A new study conducted at the University of California, Irvine, has found that online brain game exercises can help people in their 70’s and 80’s multitask cognitively even as well as people 50 years younger! This valuable tool, gives older adults the ability to handle today’s daily onslaught of information which can be very taxing for seniors.

Like our bodies, we can work out and train our brains to improve mental performance. The research has discovered that older people who completed some very specific tasks gained the ability to beef up their brain’s ability to switch between tasks in a game which was at a level similar to 20 and 30 year people who were untrained.

The findings emphasize the cognitive cost of multitasking. Multitasking dilutes function through splitting focus. The findings indicate ways in which people throughout their lifespan can beat brain drain which can be brought on by the natural aging process and the increasingly crowded multimedia environment.

For the study the team partnered with Lumosity which is an online platform offering a variety of daily brain training games. They focused on data obtained from Lumonsity’s “Ebb and Flow” game which is a task switching games which challenges the ability of the brain to shift between cognitive processes interpreting movement and shapes.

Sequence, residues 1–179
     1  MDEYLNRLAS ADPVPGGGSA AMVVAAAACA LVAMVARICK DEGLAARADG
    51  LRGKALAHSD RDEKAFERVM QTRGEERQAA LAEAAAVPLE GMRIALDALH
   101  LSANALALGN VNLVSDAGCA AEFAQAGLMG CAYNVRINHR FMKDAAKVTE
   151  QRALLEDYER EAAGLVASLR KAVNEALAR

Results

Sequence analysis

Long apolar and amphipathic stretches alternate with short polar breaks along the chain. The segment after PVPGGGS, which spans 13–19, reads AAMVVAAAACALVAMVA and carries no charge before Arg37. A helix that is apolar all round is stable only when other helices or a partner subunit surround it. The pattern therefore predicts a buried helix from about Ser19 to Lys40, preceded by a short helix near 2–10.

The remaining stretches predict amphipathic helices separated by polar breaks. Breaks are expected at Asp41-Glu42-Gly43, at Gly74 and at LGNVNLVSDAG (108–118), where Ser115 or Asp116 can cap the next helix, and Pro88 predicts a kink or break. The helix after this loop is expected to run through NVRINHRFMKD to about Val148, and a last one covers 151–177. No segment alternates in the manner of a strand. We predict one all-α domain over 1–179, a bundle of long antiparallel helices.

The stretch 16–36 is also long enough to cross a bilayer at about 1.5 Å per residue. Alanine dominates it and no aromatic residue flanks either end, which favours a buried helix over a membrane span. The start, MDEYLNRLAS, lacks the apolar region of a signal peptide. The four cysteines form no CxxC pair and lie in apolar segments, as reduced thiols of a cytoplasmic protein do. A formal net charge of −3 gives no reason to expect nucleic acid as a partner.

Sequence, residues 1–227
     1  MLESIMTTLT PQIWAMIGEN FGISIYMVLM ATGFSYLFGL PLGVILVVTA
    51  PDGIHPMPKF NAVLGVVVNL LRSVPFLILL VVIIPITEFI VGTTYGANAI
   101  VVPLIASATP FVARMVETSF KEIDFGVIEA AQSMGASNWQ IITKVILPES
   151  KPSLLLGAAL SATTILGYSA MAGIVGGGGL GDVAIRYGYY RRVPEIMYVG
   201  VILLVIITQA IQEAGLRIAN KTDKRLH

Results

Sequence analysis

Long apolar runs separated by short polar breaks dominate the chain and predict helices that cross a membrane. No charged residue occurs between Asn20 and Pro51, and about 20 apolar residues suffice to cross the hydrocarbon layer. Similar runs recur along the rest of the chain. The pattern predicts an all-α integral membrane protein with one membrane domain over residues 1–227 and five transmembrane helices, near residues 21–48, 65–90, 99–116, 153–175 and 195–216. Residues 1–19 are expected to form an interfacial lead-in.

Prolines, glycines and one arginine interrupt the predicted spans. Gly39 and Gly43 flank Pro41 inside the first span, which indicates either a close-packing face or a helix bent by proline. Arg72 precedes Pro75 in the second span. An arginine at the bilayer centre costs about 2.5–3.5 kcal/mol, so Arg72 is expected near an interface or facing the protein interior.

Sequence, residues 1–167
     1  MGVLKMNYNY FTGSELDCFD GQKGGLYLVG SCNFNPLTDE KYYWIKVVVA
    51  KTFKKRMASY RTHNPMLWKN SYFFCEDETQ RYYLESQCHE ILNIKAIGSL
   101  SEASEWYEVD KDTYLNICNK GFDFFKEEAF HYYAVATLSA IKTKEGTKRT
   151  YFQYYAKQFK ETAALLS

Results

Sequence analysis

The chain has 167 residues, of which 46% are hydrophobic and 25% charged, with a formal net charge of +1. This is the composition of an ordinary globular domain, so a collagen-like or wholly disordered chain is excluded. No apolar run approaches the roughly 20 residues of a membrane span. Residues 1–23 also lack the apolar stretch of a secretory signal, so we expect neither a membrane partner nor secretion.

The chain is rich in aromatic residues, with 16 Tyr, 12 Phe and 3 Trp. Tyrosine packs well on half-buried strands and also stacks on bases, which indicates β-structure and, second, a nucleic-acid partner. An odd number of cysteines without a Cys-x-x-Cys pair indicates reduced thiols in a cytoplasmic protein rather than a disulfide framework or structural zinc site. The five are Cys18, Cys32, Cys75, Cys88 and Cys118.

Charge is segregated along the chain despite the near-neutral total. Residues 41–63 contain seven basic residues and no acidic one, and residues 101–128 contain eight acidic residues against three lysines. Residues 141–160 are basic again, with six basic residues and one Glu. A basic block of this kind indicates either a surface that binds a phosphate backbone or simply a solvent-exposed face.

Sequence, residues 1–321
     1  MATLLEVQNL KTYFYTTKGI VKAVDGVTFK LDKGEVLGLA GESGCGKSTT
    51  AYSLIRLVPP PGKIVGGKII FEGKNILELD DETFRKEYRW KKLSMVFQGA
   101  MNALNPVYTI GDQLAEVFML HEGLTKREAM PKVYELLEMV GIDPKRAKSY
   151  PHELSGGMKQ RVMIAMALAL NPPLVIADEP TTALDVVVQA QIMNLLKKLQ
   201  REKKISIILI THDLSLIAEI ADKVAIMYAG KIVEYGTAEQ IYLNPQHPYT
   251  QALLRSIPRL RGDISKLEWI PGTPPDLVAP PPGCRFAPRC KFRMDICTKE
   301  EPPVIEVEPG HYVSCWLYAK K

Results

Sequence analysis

Of the millions of individuals who played Ebb and Flow between 2012 and 2017, the team randomly sampled performance of approximately 1,000 users within two categories – those who ranged in age from 21 to 80 and had finished fewer than 60 sessions of training; and adults aged 71 to 80 who had logged a minimum of 1,000 sessions.

The research team found that the majority of the older and highly practiced players matched or exceeded the performance of the younger users who didn’t play the game very much. Any lead seniors however, significantly declined after the 21 to 30 year old participants completed at least 10 practice sessions.

Improved lifestyles and advances in the medical field have allowed people to live longer. Brain health is an important factor in that equation. With consistent upkeep, cognitive youth can be retained into the golden years.

To view the original scientific study click below

A large-scale analysis of task switching practice effects across the lifespan.

Double Early Mortality Risk Linked to Sedentary Lifestyle